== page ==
Northern Ireland

Bishop Donal McKeown criticises politicians over Cardinal Brady response

Cardinal Sean Brady
Image caption The leader of the Catholic Church in Ireland, Cardinal Sean Brady, has faced calls to resign

Politicians have shown a lack of "statesmanship" over the position of Cardinal Sean Brady, according to the Auxiliary Bishop of Down and Connor.

Bishop Donal McKeown said he was disappointed no-one had "dared to suggest that we might lift the focus from that narrow resignation question".

Writing on his Facebook page , he said: "How many of us, who have lived in the NI glasshouse, are in a position to throw stones?

"That sort of comment would have been painfully honest, and helped us to face our very messy past.

"There are many of our leaders whose lives show that, just because you have a past, doesn't mean that you don't have a future."

Three out of the four main parties in the Republic of Ireland and the Northern Ireland Deputy First Minister Martin McGuinness have called on Cardinal Brady to consider his position, following last week's BBC documentary accusing him of failing to act on allegations of abuse that he discovered as part of an investigation as a young priest.

Bishop McKeown told BBC Radio Ulster on Monday that his remarks were designed to be provocative and he was directing them at himself as much as other individuals.

"Children have been damaged in many ways across society, and if you confront all those ways as a society rather than focusing on just one element, then I think we would be able to live the next 10 years, with all these anniversaries coming up, constructively rather than in a silly and partisan way," he said.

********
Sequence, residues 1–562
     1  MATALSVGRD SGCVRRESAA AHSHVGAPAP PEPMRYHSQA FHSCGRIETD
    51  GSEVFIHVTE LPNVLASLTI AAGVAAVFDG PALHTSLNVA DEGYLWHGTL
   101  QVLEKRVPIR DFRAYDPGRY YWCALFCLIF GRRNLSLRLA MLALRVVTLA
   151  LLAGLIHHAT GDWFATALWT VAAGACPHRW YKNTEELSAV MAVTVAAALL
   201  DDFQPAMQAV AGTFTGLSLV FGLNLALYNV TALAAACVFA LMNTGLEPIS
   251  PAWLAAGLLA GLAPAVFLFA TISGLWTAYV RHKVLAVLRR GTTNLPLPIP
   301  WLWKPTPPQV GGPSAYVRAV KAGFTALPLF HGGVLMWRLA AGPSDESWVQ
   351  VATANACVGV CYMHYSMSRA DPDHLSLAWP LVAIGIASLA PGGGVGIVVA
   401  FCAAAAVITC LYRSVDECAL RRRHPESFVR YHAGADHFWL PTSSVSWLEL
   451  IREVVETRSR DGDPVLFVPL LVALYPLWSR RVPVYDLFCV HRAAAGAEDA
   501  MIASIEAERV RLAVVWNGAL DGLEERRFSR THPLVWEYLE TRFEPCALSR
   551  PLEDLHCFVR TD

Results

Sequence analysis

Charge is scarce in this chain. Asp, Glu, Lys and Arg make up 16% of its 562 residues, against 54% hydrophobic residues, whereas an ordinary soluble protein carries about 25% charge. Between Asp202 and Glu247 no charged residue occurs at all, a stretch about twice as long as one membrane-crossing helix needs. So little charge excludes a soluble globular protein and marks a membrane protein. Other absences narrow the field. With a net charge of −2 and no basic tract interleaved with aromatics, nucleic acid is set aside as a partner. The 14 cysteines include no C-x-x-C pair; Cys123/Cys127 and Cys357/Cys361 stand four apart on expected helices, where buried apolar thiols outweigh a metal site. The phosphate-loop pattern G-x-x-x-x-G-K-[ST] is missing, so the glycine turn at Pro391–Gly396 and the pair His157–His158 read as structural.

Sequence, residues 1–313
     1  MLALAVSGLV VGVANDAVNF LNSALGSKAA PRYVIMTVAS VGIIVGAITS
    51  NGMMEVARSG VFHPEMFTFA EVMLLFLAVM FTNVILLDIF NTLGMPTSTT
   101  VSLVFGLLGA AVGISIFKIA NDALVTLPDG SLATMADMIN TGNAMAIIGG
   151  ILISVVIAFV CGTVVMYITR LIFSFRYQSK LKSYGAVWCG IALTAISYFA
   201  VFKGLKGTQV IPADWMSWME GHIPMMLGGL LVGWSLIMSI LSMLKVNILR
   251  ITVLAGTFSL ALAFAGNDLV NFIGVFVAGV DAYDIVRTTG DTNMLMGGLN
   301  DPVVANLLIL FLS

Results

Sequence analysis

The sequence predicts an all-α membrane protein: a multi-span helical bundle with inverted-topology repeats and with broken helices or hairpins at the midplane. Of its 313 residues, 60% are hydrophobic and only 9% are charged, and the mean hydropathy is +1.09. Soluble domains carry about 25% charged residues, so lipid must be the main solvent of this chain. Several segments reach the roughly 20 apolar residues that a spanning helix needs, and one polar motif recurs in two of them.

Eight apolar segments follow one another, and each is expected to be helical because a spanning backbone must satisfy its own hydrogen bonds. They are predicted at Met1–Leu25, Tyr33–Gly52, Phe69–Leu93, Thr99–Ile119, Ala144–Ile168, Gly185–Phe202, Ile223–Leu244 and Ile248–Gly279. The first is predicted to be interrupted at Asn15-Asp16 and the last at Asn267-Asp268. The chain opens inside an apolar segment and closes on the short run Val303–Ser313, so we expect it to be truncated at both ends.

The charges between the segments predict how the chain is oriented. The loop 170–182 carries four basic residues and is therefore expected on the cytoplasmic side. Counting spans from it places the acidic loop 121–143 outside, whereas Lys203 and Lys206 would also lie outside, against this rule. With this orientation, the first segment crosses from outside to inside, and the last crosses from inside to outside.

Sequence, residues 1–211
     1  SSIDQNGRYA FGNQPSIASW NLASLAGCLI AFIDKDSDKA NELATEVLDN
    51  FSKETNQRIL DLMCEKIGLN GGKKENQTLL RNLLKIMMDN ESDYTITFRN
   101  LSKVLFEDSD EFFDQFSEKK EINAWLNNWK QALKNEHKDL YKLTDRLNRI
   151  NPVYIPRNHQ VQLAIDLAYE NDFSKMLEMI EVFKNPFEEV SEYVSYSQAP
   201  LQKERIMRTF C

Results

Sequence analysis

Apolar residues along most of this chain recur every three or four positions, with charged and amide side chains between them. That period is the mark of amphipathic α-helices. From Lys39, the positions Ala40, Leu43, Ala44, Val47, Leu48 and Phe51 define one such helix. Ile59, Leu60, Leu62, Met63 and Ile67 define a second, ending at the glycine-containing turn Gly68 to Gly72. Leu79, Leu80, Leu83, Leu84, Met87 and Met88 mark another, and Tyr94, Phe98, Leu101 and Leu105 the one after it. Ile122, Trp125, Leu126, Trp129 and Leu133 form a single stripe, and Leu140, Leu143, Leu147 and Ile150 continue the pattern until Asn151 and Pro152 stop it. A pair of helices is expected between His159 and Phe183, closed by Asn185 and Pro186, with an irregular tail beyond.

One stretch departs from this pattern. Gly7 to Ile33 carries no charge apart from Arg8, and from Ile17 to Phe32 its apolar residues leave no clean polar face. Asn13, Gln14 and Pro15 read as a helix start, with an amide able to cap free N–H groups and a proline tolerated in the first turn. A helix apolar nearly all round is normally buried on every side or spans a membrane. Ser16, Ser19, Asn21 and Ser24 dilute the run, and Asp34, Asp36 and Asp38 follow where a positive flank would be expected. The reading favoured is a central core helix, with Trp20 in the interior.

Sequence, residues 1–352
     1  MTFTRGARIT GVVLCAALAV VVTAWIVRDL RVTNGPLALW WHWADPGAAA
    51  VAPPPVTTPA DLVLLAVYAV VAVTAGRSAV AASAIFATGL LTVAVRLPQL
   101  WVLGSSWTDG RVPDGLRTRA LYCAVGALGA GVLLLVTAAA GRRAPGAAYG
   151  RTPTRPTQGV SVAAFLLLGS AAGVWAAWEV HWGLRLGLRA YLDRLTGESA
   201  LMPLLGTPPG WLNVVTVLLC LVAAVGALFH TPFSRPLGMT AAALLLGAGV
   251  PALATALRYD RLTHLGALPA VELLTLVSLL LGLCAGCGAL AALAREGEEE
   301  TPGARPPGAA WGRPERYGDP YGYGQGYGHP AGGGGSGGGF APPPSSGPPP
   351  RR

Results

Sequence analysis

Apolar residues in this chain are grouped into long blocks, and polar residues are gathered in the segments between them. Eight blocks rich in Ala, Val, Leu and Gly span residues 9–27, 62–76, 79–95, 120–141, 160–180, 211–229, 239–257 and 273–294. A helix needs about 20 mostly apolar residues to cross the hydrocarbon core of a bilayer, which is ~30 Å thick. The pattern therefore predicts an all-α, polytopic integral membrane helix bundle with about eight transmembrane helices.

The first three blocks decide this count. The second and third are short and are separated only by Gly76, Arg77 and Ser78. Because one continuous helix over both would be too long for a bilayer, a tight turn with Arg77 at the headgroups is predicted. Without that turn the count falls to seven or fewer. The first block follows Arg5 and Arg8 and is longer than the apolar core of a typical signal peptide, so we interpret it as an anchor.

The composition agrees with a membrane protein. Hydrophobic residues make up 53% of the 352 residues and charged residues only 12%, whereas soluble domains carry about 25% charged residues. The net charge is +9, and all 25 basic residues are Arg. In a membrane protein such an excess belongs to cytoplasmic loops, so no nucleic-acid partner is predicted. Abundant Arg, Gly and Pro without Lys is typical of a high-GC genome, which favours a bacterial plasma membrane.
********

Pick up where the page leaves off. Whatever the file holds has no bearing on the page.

"It's hard to take criticism of Cardinal Brady from many people who during the Troubles were involved in state bodies, paramilitary bodies or who shared platforms with those organisations, who did huge damage to children and their families.

"What I'm trying to say is, have we anyone who can help us see the big picture rather than just be driven by what's a comparatively narrow question on Cardinal Brady?"

Last week, a BBC documentary uncovered new revelations about an internal Church investigation into clerical child sex abuse in 1975.

It said a teenage boy who had been sexually abused by Fr Brendan Smyth gave the names and addresses of other children who were at risk from the paedophile priest to Cardinal Brady, who at that time was a 36-year-old priest.

He passed the allegations to his superiors but did not inform the police or the children's parents.

Fr Smyth continued to sexually assault one of the boys for a year after that.

He also abused the boy's sister for seven years, and four of his cousins, up until 1988.

Cardinal Brady has refused to step down, accusing the documentary of exaggerating his role. He said he had been present simply to take notes, and that he had reported to more senior clergy whom he expected to take appropriate action.

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